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“If you know the edge of your own ability pretty well, you should ignore most of the notions of our experts about what I call ‘deworsification’ of portfolios.” – Charlie Munger
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While the S&P 500 was still down for the week, last Friday’s rally did a lot to boost sentiment as it turned a hole of over 2.5% to a weekly decline of less than 1%. For its part, the Nasdaq actually managed to finish the week marginally higher. This morning, the week is starting off on a relatively quiet but positive note as the economic calendar is light, and the pace of earnings slow. Thankfully, there wasn’t even any stress in the banking sector to have to contend with! Looking ahead, though, earnings activity will pick up after the close, and even though the mega-caps are behind us, we’re still in the peak reporting period, so the number of reports won’t slow down. Then, on Wednesday, the April CPI will likely be the major report of the week, and that will likely dictate how we finish the week.
Over the weekend at the annual Berkshire Hathaway shareholders meeting, Warren Buffett referred to Apple (AAPL) as a better business ‘than any we own’. Apple has worked out better than See’s Peanut Brittle for Berkshire shareholders. The chart below shows the quarterly performance of Berkshire Hathaway (BRK/b) over the last 20 years. From 2003 through the end of 2015, before Berkshire started acquiring Apple, the stock’s average quarterly return was a gain of 2.3%. Since 2016, when Buffett first took a bite out of Apple, Berkshire’s average quarterly gain has been more than a full percentage point higher at 3.4%.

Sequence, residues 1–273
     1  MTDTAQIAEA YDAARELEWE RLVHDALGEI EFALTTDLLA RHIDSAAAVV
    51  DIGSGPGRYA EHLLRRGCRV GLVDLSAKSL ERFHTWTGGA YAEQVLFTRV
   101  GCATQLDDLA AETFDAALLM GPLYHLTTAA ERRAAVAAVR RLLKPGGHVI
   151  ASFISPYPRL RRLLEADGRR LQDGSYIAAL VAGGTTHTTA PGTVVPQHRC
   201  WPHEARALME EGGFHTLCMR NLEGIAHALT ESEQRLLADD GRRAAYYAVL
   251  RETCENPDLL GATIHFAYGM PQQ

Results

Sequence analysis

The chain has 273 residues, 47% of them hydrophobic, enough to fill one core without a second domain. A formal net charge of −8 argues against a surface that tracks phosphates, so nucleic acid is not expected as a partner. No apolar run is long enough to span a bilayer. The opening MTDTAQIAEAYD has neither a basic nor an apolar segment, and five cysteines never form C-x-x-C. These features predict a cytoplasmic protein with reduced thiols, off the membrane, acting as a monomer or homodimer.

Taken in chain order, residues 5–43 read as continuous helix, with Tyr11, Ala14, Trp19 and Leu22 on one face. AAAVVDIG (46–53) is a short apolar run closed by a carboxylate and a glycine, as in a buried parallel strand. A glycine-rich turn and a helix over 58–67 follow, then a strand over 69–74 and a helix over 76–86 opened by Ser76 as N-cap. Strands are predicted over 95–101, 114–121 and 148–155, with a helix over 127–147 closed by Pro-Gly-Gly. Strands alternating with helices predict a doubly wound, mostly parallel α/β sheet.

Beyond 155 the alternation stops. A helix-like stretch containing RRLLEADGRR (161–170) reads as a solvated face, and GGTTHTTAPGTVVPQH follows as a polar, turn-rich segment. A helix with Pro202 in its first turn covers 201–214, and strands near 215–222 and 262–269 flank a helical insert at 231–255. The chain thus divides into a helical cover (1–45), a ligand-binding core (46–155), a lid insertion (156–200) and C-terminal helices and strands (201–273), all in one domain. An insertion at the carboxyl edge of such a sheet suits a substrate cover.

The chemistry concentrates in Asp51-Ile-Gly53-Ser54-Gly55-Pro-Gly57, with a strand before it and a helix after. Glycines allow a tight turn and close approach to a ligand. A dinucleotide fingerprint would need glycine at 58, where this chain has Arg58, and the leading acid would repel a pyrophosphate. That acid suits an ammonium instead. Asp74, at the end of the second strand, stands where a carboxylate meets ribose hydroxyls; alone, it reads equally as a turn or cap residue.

Now, to say that the higher average quarterly return is due entirely to Apple would be too simplistic. After all, S&P 500 returns are higher in the post-2016 period (+2.8%) compared to the period from 2003 through the end of 2015 (+2.3%) but given AAPL’s outperformance of the overall market since the start of 2016 (144%) it certainly hasn’t hurt Berkshire, and the stock would almost certainly be lower now had Buffett not placed the bet on Tim Cook.
Not surprisingly, as Apple has become a much larger part of Berkshire, the stock has tended to trade more in line with Apple as well. The chart below shows the rolling 200-day correlation between the daily percentage changes of Apple and Berkshire over the last 20 years. From 2003 through the end of 2015, the average rolling correlation between the two was +0.256. Since Berkshire started acquiring Apple, even though the correlation immediately dipped in early 2016, the overall average correlation has been considerably higher at +0.453.
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